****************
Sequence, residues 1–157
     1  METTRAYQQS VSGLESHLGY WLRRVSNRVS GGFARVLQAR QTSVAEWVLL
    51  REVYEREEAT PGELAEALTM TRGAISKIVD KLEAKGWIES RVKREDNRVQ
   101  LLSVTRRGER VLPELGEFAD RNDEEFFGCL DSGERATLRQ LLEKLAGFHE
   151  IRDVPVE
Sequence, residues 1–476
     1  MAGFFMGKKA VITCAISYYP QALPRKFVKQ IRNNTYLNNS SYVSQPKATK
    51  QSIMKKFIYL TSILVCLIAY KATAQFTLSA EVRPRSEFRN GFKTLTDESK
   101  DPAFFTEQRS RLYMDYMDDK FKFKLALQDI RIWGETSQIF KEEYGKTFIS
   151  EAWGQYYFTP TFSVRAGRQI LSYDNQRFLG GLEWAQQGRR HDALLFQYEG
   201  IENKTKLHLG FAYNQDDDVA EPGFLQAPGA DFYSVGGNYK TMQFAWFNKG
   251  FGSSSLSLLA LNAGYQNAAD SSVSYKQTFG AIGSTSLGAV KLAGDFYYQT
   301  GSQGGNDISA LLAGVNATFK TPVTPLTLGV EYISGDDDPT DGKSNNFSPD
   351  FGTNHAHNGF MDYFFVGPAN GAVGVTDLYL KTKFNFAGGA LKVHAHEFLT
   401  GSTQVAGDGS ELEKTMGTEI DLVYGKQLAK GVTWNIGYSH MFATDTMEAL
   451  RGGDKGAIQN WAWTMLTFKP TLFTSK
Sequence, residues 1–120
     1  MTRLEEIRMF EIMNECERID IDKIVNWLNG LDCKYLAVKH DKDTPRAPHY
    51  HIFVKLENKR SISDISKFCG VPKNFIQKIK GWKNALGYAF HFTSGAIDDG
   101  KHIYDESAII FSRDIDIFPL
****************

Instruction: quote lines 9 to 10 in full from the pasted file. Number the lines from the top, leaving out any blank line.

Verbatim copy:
   101  DPAFFTEQRS RLYMDYMDDK FKFKLALQDI RIWGETSQIF KEEYGKTFIS
   151  EAWGQYYFTP TFSVRAGRQI LSYDNQRFLG GLEWAQQGRR HDALLFQYEG